Momentum seems to be with the Labour leader, and looks to be an important force in the outcome of #GE2015
In the US they talk a lot about ‘the Big Mo’; that invaluable, if somewhat intangible, sense of large scale momentum that propels candidates forward, and has an inexplicably large effect on their chances of presidency.
Recent discoveries by economists and scientists suggest that momentum exerts a far stronger influence on our world than previously assumed.
In 2007, researchers from London Business School observed that momentum appears to have “an inordinate and unexplained impact on the behaviour of investment markets”, helping propel investments markets, particularly future markets forward, without any rational underpinning. In sport, the ‘Big Mo’ is viewed as critical to the success of the team. Capturing the momentum during the game is said to be as important as good preparation.
Lately you’d be forgiven for thinking Ed Miliband has successfully captured the momentum around the General Election campaign. After the first leaders’ debate a poll was released showing the Labour leader had a better approval rating than David Cameron (the first time this has happened since his matriculation to Labour leadership). This produced a string of media bulletins announcing Miliband was winning ground faster than the Tories. In short, the swing was with him, Labour was snowballing towards victory.
Miliband himself is a big fan of the Big Mo. Rafael Behr, Political Columnist at The Guardian, recounts an awkward phone conversation he had with Ed in 2010 following rumours the Observer was planning to run an editorial endorsing his brother David for the Labour leadership. “Miliband wanted to persuade me that we were wrong. He assured me he was going to win: ‘We’ve got the Big Mo’” recounts Behr.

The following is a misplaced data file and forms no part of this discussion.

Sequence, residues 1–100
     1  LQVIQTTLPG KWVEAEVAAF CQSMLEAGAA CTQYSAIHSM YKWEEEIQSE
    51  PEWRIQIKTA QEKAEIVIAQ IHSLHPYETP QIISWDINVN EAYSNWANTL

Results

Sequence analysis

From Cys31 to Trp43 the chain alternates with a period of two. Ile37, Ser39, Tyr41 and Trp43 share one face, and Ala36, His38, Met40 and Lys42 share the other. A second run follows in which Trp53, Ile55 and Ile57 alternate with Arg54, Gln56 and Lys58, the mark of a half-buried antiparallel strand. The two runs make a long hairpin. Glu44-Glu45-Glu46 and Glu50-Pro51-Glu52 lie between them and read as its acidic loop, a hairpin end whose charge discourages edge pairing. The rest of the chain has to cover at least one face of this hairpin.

Anthony Wells (from UK blog Polling Report) believes the Labour leader may be starting to secure the Mo. He has analysed net ratings for David Cameron and Ed Miliband from the last six months. Although there is quite a lot of variation between pollsters, the trends are clear. Ed Miliband’s ratings have improved over the course of the campaign, although on most pollsters’ measures he still remains significantly behind David Cameron.
Source: UK Polling report, 2015
With less than a week and a half to go, many voters have made up their minds (or in the case of postal voters) already voted. But, for that all-important pool of undecided voters in marginal seats, the Big Mo may yet be a deciding factor in which leader to vote for.
Humans are prone to vote with the herd, as previous Weber Shandwick research on the ‘Science of Engagement’ attests. We like to follow others, and if we feel there is a consensus gathering around an individual we are prone to soften to that individual as well.
People follow the crowd, adhere to social norms and take subconscious leads from others. Herd behaviour can either be the spark that captures engagement, or the tool that builds it.
– Weber Shandwick, Science of Engagement
With such a close race, the politician who can prove as election night looms that he/she is winning hearts, rather than losing them, could unlock a key group of undecided voters. As George H. W. Bush, the man who coined the ‘Big Mo’ phrase in politics, would say, they will have voters, “howling and yowling” at “their heels”.